About Project Stella…
There was limited fanfare when Project Stella’s Phase 3 report was released in June of last year.
The report stressed that ‘legal and regulatory aspects are outside the scope of the project,’ and that the project was ‘not geared towards replacing or complementing existing arrangements, which include central bank-operated payment systems.’
Everyone seems to be walking on eggshells here.
Having spent some time with the report, it makes for dense reading to be sure.
But here is the main takeaway — central banks are looking seriously at cross-border payments, specifically those involving something called an RTGS system.
RTGS stands for real-time gross settlement.
An RTGS system is like the central bank’s ‘book’ of transactions — typically used for large-value interbank transfers.
The advantage of these is that they do things in real time, as opposed to bundling up credits and debits and settling things at the end of the day.
This means a smaller window in which a bad actor can interfere with the transfer.
The most important of these systems is the US Fedwire system which was launched in 1970.
RTGS systems are the glue that keeps the trust in central banks together.
And if China launches a digital yuan, and then Europe or Japan follows suit (maybe in 2021), then what next?
US to take longer switching to a CBDC
I think the US will take far longer to come to the party than either China or the ECB.
This is because their economy is still relatively strong, and they still have some wiggle room on interest rates.
Also, oil still changes hands in US dollars.
However, once China opens Pandora’s Box by launching a digital yuan, things could get messy for central bankers quite quickly.
In an unbundled world, who do you trust more?
An old-fashioned RTGS system or some souped-up Chinese platform?
I think this will usher in a new phase of techno-monetary competition which will be immensely complex.
I even suspect that you may hear a new buzzword in the political world — ‘fake money’.
2020 will be chaos — stick with Port Phillip Publishing to help you navigate it.
[Equity markets are now in blue sky without any technical resistance above the market. Click on the picture to find out what needs to happen before Murray will become bearish again.]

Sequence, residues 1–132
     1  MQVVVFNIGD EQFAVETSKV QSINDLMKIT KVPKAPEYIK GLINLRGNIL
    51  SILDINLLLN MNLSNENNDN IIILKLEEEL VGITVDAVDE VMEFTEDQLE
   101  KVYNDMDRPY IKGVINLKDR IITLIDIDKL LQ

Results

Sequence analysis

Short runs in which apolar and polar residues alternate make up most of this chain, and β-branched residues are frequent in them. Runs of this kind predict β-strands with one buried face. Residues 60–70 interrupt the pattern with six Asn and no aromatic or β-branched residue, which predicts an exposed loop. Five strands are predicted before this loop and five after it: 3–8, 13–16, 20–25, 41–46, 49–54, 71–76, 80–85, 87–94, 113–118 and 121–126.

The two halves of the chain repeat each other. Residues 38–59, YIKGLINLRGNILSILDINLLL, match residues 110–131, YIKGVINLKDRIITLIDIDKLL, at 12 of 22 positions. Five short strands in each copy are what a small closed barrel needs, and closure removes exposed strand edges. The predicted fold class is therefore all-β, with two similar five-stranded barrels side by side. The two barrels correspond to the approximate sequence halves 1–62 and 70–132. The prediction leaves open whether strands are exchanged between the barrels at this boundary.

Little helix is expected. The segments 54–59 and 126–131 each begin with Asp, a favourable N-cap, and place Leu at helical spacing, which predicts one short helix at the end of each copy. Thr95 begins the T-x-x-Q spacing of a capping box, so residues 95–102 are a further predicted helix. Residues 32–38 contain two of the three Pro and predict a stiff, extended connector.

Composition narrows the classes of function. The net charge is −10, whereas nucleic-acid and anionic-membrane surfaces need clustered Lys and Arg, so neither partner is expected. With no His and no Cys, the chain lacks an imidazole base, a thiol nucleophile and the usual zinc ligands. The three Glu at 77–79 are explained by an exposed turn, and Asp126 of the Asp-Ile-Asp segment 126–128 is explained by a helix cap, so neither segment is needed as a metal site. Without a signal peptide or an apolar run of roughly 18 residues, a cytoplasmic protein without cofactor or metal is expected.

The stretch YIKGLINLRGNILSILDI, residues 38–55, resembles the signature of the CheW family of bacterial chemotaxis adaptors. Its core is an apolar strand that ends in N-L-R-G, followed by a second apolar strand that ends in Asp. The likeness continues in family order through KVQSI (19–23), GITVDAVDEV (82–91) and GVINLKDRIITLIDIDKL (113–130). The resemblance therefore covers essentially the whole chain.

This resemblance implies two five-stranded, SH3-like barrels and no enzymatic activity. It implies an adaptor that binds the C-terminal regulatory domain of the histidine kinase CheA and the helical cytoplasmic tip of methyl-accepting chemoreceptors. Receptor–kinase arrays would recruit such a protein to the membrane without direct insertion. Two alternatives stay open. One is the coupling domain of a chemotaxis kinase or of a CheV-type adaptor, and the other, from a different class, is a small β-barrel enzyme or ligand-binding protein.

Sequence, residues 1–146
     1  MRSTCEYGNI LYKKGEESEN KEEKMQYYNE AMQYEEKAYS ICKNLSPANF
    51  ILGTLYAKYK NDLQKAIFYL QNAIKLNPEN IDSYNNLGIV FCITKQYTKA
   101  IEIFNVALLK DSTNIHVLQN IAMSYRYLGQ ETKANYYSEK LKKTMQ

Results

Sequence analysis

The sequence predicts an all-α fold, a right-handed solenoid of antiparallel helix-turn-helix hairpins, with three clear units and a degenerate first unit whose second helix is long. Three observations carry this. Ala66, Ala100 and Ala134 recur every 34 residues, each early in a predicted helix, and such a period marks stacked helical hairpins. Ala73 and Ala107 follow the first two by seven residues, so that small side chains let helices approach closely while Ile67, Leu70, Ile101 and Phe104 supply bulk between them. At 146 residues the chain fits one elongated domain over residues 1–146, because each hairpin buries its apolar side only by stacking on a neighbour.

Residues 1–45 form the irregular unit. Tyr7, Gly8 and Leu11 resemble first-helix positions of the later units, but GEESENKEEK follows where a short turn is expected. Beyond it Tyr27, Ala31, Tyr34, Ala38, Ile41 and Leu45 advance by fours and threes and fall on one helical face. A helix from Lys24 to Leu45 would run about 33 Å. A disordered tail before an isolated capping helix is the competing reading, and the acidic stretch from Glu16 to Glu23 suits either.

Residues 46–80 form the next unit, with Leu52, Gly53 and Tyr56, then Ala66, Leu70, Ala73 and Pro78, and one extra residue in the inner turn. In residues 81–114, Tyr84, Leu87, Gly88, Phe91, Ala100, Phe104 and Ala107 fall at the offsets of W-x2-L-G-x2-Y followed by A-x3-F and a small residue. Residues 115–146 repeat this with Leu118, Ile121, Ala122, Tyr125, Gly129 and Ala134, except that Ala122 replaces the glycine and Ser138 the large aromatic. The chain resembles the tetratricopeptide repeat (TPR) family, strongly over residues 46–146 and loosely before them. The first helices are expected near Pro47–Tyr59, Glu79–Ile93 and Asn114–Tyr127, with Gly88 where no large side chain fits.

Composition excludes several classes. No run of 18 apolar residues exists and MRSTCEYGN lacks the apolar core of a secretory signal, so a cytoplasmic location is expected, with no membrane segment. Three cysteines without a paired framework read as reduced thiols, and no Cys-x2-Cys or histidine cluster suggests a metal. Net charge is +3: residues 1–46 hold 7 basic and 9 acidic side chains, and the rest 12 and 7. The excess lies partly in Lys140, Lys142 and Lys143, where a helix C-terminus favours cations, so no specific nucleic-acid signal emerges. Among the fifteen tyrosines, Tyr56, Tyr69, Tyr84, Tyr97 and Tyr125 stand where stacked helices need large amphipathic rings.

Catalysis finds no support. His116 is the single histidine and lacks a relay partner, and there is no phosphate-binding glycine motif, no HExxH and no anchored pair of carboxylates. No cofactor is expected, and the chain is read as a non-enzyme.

The headlines that pronounce the market has hit a new all-time high are starting to wear a little thin. The S&P 500 in particular is trending higher in a straight line creating new all-time highs with each passing day.
Markets are either trending or range-bound, but it can be difficult to know the moment when the switch occurs from one to the other.
My own way for dealing with this problem is to have clear definitions that take the decision-making away from me.
It’s too hard to explain it to you using text. It’s much easier for me to show you exactly what I mean on my charts, which is why I do these weekly videos in the first place.
So if you want to see how I define a range, click on the video above to watch the short presentation.
Using my definition of ranges, the S&P 500 has confirmed that it’s no longer stuck in the range of the past two years and is now in blue sky.
With the US Fed buying $60 billion of T-Bills every month, I can’t see any reason for this rally to stop until the Fed wakes up and realises that they are stoking the rally and need to take away the punch bowl.
How long it takes for that to happen is anyone’s guess, but we may witness a strong blow-off rally in the meantime.
The Alpha Wave Trader portfolio is now 100% long and I have a few stocks in the wings that I’m about to jump into.
It’s always tough chasing a market higher and you need to stay on your toes when you do. But the current rally may surprise to the upside, so I want to make hay while the sun shines.
Editor, Alpha Wave Trader